New Mexico State University Center for Public Utilities


The New Mexico State University Center for Public Utilities (CPU) is housed in the school’s College of Business. The CPU relies upon EEI to help craft its training program. CPU’s website states that it “provides training programs and current policy issues conferences to meet the needs of professionals employed at federal and state commissions, utility companies, and other stakeholders in the electricity, natural gas distributed, interstate pipeline, telecommunications and water utility industries.”

CPU hosts an annual “Current Issues Conference” as well as a fall and spring regulatory training course called “The Basics,” which is a “practical regulatory training for the electric or natural gas local distribution industries.” Public officials attending CPU events over the past few years (2013, 2014, 2015) have represented over 30 states. However, CPU specifically advertises the training course to staff with less than one-year experience in the regulatory arena.

Sponsors of CPU include EEI and over a dozen utility companies and industry groups:

  • American Electric Power
  • Arizona Public Service Company
  • American Gas Association
  • Duke Energy
  • El Paso Electric
  • MidAmerican Energy Holding Company
  • NorthWestern Energy
  • Nuclear Energy Institute
  • Pepco Holdings
  • UNS Energy Corporation

Additionally, consulting firms with connections to the utility industry such as Butler Advisory Services and Gee Strategies Group are involved with the center. Gee Strategies Group is a consultancy organization with expertise in litigation support for energy and utility industries. Robert Gee is the president and Sheri Givens is the senior vice president. Robert Gee was a public utility commissioner in Texas and also chaired the Committee on Electricity for NARUC. Gee Strategies’ clients include trade associations, independent power companies, and utilities. As mentioned previously, Gee Strategies was mentioned in EEI’s action plan to help utility companies educate regulators.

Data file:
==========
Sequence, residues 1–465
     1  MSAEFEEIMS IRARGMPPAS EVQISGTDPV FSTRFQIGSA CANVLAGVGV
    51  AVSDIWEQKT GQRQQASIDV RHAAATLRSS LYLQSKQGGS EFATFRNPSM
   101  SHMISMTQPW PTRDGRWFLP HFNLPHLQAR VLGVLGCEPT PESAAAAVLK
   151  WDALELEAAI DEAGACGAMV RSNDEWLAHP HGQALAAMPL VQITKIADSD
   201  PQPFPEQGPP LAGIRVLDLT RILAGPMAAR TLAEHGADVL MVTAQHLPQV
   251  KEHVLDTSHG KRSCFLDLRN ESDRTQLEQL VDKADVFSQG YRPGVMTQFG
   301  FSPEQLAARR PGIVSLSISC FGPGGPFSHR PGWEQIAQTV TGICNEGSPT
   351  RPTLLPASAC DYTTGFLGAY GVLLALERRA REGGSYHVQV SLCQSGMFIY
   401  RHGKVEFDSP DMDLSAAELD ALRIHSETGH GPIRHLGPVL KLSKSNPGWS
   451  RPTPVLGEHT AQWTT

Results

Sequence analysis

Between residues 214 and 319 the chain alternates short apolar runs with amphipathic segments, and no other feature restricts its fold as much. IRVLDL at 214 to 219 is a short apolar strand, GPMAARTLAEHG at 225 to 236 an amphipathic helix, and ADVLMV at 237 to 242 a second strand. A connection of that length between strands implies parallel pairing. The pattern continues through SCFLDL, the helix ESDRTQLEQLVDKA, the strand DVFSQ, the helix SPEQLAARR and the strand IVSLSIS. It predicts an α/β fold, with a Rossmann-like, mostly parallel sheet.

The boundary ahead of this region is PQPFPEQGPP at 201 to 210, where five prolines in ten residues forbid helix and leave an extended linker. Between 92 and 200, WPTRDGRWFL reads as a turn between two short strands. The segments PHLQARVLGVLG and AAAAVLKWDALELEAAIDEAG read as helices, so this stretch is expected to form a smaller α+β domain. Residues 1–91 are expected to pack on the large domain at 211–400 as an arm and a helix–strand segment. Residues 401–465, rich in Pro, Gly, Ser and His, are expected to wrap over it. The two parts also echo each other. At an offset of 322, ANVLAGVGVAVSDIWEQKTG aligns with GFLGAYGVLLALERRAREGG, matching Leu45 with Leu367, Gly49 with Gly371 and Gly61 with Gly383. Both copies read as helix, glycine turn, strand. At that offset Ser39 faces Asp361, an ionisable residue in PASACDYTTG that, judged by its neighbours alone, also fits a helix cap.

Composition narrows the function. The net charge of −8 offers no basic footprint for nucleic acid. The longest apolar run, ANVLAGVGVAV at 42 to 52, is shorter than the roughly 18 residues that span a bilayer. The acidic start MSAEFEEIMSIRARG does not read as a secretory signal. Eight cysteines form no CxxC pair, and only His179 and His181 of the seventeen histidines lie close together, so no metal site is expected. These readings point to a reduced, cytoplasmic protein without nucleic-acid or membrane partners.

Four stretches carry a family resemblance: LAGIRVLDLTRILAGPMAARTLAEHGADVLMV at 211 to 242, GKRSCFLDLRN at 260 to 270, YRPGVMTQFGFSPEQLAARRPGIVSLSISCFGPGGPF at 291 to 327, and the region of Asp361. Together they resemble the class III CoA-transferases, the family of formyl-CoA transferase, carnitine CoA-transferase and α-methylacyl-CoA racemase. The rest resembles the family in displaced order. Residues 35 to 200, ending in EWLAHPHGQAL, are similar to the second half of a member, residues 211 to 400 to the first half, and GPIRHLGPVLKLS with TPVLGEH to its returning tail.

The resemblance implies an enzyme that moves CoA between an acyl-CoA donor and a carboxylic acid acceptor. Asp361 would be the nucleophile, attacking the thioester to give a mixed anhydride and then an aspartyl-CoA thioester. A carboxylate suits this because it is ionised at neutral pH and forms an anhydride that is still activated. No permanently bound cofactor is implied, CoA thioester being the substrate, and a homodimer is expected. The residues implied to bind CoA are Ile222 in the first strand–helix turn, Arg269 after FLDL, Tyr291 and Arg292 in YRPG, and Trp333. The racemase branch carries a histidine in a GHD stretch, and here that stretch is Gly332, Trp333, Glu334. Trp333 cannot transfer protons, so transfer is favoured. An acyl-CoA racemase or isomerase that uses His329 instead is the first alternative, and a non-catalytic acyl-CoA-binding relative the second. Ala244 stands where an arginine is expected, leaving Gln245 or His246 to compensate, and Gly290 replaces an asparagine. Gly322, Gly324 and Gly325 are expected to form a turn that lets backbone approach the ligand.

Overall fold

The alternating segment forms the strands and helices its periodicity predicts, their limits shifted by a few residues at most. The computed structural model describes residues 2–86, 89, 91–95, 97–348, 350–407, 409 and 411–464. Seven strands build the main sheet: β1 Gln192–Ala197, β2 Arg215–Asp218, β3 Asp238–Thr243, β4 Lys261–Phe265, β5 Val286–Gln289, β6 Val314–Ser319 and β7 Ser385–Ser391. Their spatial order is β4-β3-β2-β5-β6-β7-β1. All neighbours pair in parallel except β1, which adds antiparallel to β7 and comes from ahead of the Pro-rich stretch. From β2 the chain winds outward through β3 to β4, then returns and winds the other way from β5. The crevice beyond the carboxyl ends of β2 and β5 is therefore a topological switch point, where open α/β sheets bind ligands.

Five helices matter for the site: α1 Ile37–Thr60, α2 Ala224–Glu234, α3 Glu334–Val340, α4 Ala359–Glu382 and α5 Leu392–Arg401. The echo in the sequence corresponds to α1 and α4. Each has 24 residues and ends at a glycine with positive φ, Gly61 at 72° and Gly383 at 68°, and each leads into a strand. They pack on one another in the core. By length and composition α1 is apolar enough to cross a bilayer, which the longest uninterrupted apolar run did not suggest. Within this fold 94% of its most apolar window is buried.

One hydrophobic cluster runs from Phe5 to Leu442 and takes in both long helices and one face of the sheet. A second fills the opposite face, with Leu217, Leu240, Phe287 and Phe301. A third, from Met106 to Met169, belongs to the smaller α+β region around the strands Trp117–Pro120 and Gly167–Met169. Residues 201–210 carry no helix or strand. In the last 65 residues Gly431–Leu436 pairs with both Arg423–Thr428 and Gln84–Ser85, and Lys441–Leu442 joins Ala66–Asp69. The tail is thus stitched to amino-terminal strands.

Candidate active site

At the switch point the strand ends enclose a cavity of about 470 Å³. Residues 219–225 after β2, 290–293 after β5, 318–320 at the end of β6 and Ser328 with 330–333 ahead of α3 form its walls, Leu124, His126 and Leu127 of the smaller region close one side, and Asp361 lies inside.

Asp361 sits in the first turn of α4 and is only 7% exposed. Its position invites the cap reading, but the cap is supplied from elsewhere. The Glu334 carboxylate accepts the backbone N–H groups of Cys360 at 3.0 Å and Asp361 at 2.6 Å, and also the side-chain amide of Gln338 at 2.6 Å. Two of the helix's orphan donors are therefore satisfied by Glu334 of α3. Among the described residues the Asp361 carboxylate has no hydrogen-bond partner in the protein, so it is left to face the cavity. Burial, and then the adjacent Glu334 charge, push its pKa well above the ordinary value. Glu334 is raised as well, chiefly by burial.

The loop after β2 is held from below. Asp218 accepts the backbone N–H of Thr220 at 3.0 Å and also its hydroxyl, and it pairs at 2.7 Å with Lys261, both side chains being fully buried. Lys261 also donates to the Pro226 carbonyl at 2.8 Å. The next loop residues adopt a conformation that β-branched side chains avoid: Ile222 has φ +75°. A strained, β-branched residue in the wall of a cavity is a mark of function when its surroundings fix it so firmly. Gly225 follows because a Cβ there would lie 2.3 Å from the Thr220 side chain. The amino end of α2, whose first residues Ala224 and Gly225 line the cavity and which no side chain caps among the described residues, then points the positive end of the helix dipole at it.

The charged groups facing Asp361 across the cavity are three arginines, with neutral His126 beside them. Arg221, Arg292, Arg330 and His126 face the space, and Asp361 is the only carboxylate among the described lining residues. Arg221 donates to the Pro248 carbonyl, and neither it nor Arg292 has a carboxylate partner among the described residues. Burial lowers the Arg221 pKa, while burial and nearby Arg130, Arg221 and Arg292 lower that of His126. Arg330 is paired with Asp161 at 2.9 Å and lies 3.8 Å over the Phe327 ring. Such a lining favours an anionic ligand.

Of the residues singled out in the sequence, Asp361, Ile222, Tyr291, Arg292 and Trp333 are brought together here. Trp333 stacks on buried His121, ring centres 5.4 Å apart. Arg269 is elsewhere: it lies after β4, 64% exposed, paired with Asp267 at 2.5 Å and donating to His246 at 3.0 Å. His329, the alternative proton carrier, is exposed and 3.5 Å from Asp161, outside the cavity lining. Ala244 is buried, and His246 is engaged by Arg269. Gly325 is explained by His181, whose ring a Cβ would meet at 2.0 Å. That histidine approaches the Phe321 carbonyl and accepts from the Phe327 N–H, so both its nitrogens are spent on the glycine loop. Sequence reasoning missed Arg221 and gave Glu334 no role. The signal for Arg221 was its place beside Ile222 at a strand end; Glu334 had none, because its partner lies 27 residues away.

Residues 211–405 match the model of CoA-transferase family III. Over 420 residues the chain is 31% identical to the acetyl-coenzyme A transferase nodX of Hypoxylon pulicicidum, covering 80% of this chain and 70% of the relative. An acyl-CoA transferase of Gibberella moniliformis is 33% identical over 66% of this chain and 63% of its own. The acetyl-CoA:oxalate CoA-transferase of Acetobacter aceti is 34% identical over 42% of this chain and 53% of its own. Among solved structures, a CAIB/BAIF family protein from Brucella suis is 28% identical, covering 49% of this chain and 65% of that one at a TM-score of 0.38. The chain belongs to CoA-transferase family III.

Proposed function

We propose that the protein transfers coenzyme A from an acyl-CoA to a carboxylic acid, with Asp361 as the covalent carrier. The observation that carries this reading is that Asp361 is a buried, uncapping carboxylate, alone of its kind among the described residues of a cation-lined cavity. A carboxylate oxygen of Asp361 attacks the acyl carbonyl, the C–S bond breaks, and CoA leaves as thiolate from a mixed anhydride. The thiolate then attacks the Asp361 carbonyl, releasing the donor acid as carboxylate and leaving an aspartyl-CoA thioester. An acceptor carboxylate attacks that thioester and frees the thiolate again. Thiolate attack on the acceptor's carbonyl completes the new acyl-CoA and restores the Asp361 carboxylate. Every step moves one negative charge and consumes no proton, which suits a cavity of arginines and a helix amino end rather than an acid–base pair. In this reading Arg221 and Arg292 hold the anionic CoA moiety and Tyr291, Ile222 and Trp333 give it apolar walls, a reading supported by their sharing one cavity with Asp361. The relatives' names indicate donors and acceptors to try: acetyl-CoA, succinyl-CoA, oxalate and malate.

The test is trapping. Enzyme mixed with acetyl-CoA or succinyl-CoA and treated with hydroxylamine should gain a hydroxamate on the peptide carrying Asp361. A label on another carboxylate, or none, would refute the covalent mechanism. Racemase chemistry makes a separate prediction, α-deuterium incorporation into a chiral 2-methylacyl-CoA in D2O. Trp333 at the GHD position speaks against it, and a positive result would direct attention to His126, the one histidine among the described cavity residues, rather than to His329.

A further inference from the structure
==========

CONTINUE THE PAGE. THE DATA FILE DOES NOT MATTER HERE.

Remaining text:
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The CPU Advisory Council includes the Honorable Paul Roberti, Commissioner at the Rhode Island Public Utility Commission; and Elizabeth Stipnieks from EEI. Public records reveal that EEI has a considerable amount of influence with the CPU.

EEI staff created agendas, chose speakers, and assisted with obtaining membership and sponsors in CPU. While not unethical, EEI’s activities show that the trade association has exerted its influence to decide the agenda of CPU events (which are “academic” in nature) that are then attended by regulators and regulatory staff.

Specific examples include:

  • EEI provided feedback on the Current Issues Conference, helped publicize the event with its own members, rejected panelists, and participated in discussions regarding the event’s program and agenda.
  • EEI and CPU agreed to discuss their membership and the Current Issues Conference agenda. EEI also agreed to prepare draft agenda and reached out to Duke Energy, inviting the power company to join the roster of utility members funding CPU.
  • The Associate Director of CPU at New Mexico State University, Larry Blank, teaches many of the rate design classes. Blank has been an expert witness in over 150 rate cases for government agencies, regulatory commissions, utility companies, and utility customers. Blank was previously a manager of regulatory policy for the Public Utilities Commission of Nevada and started the firm TAHOEconomics in 1999, which specializes in policy and ratemaking facets of regulated utility industries. He also instructs a course, Overview of Electric Ratemaking, at the EEI Electric Rates Advanced Course at the Wisconsin Public Utility Institute.

In addition to revealing CPU’s relationship with EEI, the emails raise questions regarding Wisconsin Public Service Commissioner Phil Montgomery and his relationship with the utility industry. According to the records, Bob Gee of The Strategies Group has communicated on behalf of Montgomery, a public regulator. Gee Strategies’ clients include trade associations, independent power companies, and utilities.

Montgomery voted in favor to increase fixed charges on electric bills for We Energies, Wisconsin Public Service Company, and Madison Gas & Electric. He was a Board Director for the American Legislative Exchange Council, and was a Board Director for the Public Utility Institute at the University of Wisconsin.